Dr. Rai discusses local COVID vaccine plan and what’s in the shot

Published: Dec. 15, 2020 at 7:33 AM CST
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GREEN BAY, Wis. (WBAY) - Northeast Wisconsin health care providers are still waiting to receive shipments of the COVID-19 vaccine. Prevea Health President and CEO Dr. Ashok Rai says local health care systems are ready to administer the vaccine to frontline workers.

Dr. Rai joined us Tuesday on Action 2 News This Morning to discuss the operational plan. He also talked about what’s inside the vaccine and how it works.

Dr. Rai joins us Tuesdays and Thursdays. Have a question for him? Email

View past Dr. Rai segments here:


“Don’t know yet. Soon. The state has told us to expect deliveries this week. We’ll see how that goes. As soon as we get it--it’s not just getting it, it’s also operational, giving it. And all that will be happening as soon as we get it, and the next steps to follow.

“I talked to my teams yesterday about this, and I love the movie The Patriot--’aim small, miss small.’ Do a small amount of people the first day and then continue to grow that. This is a new operation for us. We’ve not ever had to thaw something like this, put shots in arms, record that, make sure they come back for a second. We want to make sure this is done well. If we had the honor to do it this week, or even early next week, whenever we actually get to do that first shot we want to make sure we do it right. We want it to go right for the population from that point forward.”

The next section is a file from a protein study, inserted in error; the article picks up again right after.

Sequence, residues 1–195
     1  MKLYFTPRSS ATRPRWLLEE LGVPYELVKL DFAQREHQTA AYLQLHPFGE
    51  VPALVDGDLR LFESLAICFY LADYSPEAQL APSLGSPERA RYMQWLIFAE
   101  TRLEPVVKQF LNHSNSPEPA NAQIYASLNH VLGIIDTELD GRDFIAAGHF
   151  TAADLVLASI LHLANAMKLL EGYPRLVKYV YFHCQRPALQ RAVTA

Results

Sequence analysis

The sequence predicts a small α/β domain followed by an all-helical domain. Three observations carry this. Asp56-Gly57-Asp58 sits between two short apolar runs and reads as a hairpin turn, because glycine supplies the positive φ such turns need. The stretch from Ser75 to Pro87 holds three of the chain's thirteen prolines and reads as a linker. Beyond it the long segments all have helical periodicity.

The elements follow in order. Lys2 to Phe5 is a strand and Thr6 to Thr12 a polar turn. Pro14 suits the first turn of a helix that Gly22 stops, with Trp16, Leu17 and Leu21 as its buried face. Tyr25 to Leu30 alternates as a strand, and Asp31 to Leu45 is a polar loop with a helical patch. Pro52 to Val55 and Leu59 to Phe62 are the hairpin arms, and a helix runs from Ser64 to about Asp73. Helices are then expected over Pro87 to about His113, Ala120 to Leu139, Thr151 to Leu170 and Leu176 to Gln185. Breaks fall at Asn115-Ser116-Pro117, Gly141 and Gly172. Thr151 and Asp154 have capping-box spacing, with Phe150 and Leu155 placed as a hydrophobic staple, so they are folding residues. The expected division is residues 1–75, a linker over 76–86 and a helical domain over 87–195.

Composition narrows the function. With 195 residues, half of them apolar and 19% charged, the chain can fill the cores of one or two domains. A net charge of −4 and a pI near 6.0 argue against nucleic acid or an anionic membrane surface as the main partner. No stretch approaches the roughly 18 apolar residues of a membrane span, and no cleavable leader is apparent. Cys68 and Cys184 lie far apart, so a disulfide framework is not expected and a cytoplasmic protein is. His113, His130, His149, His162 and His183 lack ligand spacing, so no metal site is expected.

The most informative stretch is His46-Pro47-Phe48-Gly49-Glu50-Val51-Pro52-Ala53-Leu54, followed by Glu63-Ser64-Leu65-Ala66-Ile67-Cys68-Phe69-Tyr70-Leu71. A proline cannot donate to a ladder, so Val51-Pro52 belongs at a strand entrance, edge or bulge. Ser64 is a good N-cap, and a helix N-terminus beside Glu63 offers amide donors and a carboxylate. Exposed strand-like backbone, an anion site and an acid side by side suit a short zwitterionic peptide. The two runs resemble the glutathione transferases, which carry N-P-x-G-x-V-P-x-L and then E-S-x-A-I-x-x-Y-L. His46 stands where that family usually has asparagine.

“mRNA is a new type of vaccine. It’s a small piece of genetic code. In this vaccine, it’s got a lipid lining on it, basically it’s in a little fat bubble. It goes inside your arm. Then it’s transported inside a cell. It doesn’t enter the nucleus of the cell. It doesn’t interact with the DNA of the cell. It binds with something called a ribosome inside the cytoplasm of the cell. It makes that spike protein. Your body identifies that spike protein that’s normally on COVID, but it’s not giving you COVID. It reacts to that. It prevents you from actually having COVID-19 infect you in the future. Then mRNA just disappears. It goes away. It doesn’t stay in your body.”


“The end point in these studies for this vaccine was, ‘will it prevent me from getting sick from COVID-19?’ And it does an amazing job. What we’ve seen--that 90-to-95 percent efficacy of you not getting sick from COVID-19. What was not studied was will you transmit it even if you don’t get sick from it? That study is going on right now. So until we know more about that, we still need to mask to prevent us from transmitting it. And there’s a lot of people in our community who will not have been vaccinated yet, so we need to keep them safe. So, for the months to come, we’ll be masking, we’ll be physically distancing, we’ll be doing all the right things while we roll out this vaccine and learn more about it. But for the short period of time, which I consider short, while we get this vaccine to people, still wear your mask, still physically distance, still quarantine if you’re exposed to somebody, even if you’ve had the vaccine.”


If you get the vaccine, will you be able to infect others? Will you have symptoms?

“We don’t know that yet. We do know that the virus will invade you and your body will defend itself and prevent it from replicating in your body and you won’t get sick from COVID-19, but the whole transmission part is what we’re starting to look at over the next couple of months.